It is a mineral that doesn’t get enough attention despite its ability to stimulate systemic antioxidant and anti-inflammatory processes, at least according to two American researchers.
Cobalt is a naturally occurring trace element which has been used since ancient times for its blue colour in glass and ceramics. It is an essential dietary mineral in mammals at a low level and its presence is a result eating food stuffs containing trace elements of cobalt. It is also present in vitamin B12.
As a mined mineral it is a crucial component of the batteries powering an arguably indispensable daily gadget: the smartphone.
But when it comes to its dietary form, “The human health-supporting properties of dietary cobalt are underappreciated,” argued the paper’s authors, Dr Michael Glade, a Hawaii-based clinical nutritionist, and Dr Michael Meguid, professor emeritus of surgery, neuroscience and nutrition at the Upstate Medical University in Syracuse, NY.
» Cobalt is a naturally occurring trace element. It is present in our diets as part of vitamin B12 (cobalamin).
» While it is assumed that if we get enough B12 we are getting enough cobalt – and that the two have similar benefits – a recent review suggests that cobalt on it;s own may have unique health benefits.
» The reviewers suggest that to get cobalt separate from vitamin B12 we can include more fish, nuts and green and/or leafy vegetables in our diets.
Their paper, published in the journal Nutrition, notes that, “In the eyes of regulatory agencies, dietary requirements for cobalt are considered to be determined by dietary requirements for vitamin B12,” they wrote.
B12, also known as cobalamin (reflecting it’s cobalt fraction) is needed for blood cell formation, for healthy brain and nervous system function, as well as in DNA synthesis, fatty acid synthesis and energy metabolism. It is generally assumed that if you get enough B12 you are getting enough cobalt. However, Drs Glade and Meguid argue that the mineral may play important biological roles “independent of and in addition to its sequestration within vitamin B12 molecules.”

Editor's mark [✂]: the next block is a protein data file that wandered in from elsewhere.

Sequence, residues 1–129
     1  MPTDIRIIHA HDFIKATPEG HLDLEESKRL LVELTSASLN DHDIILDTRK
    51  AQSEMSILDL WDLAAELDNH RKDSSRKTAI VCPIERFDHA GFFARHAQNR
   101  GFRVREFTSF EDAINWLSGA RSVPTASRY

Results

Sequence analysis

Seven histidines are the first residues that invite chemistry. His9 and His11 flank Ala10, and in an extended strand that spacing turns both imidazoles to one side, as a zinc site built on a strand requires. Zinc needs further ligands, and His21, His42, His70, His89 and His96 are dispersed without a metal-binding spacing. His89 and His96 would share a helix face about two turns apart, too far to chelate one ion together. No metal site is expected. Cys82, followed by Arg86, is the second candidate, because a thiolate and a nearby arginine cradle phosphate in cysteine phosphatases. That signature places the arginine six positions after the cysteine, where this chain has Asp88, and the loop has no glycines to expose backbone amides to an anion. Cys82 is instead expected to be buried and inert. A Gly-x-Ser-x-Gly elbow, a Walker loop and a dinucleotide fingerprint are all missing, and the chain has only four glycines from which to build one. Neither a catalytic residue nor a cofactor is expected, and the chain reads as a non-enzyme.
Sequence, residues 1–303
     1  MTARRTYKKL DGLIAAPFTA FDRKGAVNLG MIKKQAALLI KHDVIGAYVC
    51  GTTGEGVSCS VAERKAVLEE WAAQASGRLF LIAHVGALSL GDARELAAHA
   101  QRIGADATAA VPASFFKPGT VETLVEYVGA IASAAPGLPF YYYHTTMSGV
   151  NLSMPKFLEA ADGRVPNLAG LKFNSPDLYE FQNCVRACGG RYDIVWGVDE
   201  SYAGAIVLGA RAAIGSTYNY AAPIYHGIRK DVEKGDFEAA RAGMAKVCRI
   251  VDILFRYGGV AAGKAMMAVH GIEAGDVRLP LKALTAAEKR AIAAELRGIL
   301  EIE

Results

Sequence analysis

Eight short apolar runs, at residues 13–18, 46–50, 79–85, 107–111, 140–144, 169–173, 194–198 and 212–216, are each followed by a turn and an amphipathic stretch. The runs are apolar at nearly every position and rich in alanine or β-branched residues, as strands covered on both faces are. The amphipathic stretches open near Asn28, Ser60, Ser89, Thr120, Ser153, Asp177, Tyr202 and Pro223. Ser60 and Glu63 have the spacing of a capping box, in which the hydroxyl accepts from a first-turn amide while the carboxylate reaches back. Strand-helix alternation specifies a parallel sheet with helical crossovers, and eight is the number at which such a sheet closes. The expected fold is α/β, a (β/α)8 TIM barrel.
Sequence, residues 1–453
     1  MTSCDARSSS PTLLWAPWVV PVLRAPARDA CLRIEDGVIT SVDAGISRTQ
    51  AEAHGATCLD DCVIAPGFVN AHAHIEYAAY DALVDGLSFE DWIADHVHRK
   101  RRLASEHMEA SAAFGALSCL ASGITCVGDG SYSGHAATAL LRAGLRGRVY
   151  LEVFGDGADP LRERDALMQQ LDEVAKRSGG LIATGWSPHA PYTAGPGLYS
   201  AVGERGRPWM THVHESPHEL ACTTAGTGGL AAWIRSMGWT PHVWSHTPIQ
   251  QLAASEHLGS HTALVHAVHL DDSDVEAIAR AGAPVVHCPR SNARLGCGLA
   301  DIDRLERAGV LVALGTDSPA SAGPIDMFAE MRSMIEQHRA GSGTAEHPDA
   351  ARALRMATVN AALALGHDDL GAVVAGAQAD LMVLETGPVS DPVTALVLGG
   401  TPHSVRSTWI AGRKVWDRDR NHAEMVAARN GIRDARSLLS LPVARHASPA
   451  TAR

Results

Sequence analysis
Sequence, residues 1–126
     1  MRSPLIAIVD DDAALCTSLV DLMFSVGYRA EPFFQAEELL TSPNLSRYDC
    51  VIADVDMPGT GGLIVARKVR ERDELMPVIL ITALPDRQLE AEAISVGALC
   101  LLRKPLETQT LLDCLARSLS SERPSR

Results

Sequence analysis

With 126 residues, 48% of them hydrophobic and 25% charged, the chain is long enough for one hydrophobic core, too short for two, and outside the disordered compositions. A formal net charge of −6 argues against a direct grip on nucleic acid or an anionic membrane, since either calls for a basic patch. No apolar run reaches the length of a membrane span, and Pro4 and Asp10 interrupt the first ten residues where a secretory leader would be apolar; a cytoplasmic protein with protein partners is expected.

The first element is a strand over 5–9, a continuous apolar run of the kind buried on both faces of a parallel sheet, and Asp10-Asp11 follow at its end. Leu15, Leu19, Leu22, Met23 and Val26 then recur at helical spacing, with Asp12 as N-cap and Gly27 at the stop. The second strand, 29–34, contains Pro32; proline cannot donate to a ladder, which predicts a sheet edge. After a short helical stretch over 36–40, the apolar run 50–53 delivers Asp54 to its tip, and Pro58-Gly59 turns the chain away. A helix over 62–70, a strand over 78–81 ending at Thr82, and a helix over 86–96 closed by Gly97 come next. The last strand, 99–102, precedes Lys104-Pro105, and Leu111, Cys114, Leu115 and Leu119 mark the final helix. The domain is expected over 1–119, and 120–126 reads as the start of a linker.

Antioxidant and anti-inflammatory
Citing studies that go back to the 1960s, Glade and Meguid highlight data which shows that small amounts of cobalt have the potential to stimulate antioxidant defenses in humans as well as suppress inflammation.
It’s a controversial claim since cobalt and cobalt compounds are classified as ‘possibly carcinogenic’ by the International Agency for Research on Cancer (IARC), a division of the World Health Organization (WHO).
Glade and Meguid however, argue, that the IARC conclusion was “based on extreme intakes in animal experiments,” and that there was “no evidence of human carcinogenicity of cobalt and cobalt compounds.”
The authors report that a number of investigations and expert panels have been conducted to confirm the safety of cobalt dietary supplementation in humans. One such investigation, published in 2004 by the US Agency for Toxic Substances and Disease Registry, concluded that the long-term minimal risk level for oral cobalt in adults is 10 micrograms per kilogram of body weight daily.
Get it from food
Cobalt – separate from vitamin B12 – is not generally included in supplements and there is some question over how well absorbed it is in mineral form in any case. The claim of cobalt carcinogenicity is not related to cobalt found naturally in everyday foods. It is equally possible that the cobalt content of these foods contributes to their health benefits.
Meat, liver, kidney, clams, oysters, and milk all contain some cobalt. Ocean fish and sea vegetables also contain cobalt. Land vegetables, as well, have small amounts, though as our soil becomes increasingly cobalt deficient levels in plant foods are reduced. Some cobalt is available in nuts, oats, legumes, spinach, cabbage, lettuce, beet greens, dates and figs.
Including more cobalt-containing foods in your daily diet should ensure you get enough.
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